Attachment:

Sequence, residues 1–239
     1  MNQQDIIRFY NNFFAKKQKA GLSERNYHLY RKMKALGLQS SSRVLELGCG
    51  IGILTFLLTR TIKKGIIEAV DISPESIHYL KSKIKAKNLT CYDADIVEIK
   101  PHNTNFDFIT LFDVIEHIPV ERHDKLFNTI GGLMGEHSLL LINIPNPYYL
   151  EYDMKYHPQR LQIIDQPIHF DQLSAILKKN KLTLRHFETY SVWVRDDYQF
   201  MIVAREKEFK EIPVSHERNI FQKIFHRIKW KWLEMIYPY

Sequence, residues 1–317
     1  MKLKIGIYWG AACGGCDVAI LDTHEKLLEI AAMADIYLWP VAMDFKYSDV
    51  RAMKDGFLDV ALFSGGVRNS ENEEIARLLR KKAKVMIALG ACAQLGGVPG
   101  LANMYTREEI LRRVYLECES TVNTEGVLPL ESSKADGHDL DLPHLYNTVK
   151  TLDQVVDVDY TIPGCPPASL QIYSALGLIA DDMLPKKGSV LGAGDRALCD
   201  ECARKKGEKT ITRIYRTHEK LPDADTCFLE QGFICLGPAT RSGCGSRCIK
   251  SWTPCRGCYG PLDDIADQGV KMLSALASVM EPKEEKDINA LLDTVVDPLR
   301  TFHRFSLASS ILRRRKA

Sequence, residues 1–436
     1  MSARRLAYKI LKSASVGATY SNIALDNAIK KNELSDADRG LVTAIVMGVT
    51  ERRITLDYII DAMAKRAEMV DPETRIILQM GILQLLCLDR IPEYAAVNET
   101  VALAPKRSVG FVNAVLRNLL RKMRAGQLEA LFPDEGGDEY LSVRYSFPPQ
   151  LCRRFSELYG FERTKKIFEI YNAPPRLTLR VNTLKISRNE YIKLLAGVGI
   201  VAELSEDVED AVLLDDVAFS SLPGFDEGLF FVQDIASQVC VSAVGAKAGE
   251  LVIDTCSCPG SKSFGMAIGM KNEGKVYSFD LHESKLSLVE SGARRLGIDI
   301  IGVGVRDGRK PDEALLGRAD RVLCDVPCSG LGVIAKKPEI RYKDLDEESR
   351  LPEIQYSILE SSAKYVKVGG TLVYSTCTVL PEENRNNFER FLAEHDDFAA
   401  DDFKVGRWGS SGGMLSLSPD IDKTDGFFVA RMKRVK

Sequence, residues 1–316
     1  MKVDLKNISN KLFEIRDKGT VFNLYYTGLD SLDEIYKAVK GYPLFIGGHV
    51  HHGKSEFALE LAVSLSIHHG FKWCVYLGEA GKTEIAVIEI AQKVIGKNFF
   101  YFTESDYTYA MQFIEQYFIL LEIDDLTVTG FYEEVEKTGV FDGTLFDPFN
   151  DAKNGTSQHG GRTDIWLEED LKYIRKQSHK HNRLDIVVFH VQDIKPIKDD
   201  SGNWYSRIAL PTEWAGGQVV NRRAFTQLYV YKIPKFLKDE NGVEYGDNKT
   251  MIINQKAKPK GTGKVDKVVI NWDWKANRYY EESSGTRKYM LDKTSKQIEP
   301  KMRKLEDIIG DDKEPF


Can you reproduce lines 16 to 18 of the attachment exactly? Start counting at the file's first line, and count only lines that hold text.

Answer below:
     1  MSARRLAYKI LKSASVGATY SNIALDNAIK KNELSDADRG LVTAIVMGVT
    51  ERRITLDYII DAMAKRAEMV DPETRIILQM GILQLLCLDR IPEYAAVNET
   101  VALAPKRSVG FVNAVLRNLL RKMRAGQLEA LFPDEGGDEY LSVRYSFPPQ